It's important for dental practice owners to know what their breakeven is - the point when your income covers your expenses. There's more complexity to the calculation than you might expect, so I thought I'd write about a recent meeting I had with a dental practice owner to discuss breakeven numbers for their practice.
We calculated what I call a “bottom up” break even number. We started by looking at what they wanted to earn personally, based on their living and lifestyle expenses and loan payments, anticipated taxes, and how much they wanted to invest in the 401(k).
Then we looked at the practice numbers. They’ve been owners for a partial year so we annualized income and expenses, then broke out overhead vs direct expenses, talked about other outcomes they wanted from the practice and discussed their anticipated practice equipment purchases. We also factored in their debt coverage for buying the practice.
We broke out direct expenses – the direct costs of care and treatment - because they increase with production and that has to be built into a dynamic breakeven formula. This is helpful later when calculating the costs of growth.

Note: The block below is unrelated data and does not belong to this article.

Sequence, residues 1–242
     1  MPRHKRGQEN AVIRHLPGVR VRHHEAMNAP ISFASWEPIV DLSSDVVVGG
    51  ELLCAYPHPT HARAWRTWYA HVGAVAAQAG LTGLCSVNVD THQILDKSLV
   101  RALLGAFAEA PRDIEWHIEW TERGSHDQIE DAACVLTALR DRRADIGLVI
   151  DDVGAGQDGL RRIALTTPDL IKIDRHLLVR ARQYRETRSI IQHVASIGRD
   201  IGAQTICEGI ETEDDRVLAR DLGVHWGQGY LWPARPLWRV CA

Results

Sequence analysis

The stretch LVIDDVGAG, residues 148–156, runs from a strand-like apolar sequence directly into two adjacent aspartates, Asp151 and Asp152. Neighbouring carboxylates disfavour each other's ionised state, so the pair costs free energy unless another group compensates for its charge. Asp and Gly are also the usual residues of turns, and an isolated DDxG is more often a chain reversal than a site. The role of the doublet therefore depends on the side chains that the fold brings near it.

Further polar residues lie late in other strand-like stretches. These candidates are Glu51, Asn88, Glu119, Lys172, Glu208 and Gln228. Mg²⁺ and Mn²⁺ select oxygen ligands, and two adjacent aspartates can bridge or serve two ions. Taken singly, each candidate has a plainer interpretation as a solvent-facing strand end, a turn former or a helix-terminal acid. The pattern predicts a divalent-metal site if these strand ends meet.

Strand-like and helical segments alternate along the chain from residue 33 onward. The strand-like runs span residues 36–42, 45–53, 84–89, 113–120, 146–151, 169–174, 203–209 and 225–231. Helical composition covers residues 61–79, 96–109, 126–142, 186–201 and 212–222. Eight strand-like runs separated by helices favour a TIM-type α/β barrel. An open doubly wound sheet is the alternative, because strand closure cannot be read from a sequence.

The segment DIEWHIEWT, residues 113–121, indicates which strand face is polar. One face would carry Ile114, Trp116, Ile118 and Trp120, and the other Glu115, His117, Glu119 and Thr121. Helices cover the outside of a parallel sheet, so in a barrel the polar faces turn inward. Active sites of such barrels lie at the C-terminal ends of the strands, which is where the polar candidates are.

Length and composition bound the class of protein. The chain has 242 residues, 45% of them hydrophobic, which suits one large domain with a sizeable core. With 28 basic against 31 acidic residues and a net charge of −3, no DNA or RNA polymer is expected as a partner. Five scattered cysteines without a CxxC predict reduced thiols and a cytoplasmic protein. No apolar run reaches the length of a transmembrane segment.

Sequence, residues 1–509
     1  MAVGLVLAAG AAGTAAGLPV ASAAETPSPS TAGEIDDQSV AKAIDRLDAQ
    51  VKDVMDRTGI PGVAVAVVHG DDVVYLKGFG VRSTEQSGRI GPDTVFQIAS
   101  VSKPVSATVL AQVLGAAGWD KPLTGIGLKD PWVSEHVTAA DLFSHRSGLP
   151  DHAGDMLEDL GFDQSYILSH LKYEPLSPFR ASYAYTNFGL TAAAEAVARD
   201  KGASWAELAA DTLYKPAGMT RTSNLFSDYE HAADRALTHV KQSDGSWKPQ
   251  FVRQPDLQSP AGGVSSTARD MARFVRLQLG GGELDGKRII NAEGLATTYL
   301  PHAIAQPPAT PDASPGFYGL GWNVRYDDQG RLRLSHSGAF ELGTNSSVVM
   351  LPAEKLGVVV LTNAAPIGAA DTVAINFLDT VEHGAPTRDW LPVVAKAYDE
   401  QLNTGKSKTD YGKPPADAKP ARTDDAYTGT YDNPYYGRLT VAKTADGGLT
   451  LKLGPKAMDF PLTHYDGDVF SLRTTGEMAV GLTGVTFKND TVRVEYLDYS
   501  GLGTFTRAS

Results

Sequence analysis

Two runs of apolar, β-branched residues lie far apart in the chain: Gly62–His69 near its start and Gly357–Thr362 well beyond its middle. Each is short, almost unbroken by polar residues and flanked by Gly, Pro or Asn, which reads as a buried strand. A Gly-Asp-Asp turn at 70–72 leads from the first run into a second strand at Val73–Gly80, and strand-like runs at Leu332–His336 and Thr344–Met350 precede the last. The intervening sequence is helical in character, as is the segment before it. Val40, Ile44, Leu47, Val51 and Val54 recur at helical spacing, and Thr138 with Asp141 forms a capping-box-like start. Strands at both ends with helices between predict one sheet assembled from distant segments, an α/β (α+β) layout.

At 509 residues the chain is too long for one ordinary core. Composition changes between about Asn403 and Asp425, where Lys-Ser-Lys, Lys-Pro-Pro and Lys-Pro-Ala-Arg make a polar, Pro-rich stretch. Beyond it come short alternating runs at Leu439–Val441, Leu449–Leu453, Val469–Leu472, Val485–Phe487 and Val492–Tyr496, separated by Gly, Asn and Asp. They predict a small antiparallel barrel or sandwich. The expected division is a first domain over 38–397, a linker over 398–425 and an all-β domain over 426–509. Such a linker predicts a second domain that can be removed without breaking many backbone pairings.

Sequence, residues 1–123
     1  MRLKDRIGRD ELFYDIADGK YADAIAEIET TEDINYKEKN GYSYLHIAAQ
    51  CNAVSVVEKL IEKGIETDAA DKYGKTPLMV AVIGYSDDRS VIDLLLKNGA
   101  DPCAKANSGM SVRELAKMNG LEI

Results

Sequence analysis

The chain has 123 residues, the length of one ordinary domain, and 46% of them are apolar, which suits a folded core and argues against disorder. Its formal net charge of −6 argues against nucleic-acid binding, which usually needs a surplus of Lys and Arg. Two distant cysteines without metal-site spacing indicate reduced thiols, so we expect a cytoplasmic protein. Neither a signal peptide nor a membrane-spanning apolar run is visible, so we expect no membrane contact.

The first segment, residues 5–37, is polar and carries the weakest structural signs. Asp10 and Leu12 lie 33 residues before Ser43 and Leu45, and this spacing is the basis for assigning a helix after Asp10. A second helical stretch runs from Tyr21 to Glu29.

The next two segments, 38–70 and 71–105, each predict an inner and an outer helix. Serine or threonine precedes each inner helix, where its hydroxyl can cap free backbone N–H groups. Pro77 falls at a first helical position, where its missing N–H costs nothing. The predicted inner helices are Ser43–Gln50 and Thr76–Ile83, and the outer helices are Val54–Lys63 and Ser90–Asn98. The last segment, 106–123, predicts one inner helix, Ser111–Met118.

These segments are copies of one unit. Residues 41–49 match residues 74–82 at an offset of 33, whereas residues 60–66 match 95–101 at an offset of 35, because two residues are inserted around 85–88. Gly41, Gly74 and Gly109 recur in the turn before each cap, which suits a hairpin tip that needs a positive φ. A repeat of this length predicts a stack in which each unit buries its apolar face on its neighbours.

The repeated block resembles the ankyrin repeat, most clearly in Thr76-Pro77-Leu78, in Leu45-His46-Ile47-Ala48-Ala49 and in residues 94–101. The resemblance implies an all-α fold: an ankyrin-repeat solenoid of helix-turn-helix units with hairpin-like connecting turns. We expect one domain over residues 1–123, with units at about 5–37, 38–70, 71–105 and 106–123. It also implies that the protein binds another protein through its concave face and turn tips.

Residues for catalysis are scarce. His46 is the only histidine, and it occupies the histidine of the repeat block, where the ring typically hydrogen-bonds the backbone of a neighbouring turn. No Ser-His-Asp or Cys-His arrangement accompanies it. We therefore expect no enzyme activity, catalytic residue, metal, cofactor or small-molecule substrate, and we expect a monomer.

At that point we were able to calculate what they needed to collect in the practice to make all of that happen. We broke it down on a daily basis, then calculated how much of that should be hygiene vs. doctor per day. We looked at their past collection percentages to figure out what that would mean in daily production.
With these numbers we can start to talk about staff compensation and bonuses, and where their goals will be.
Calculating breakeven is just the first step in using your financials to help you run your practice.
We can help get you there, book a call or zoom with us to learn more.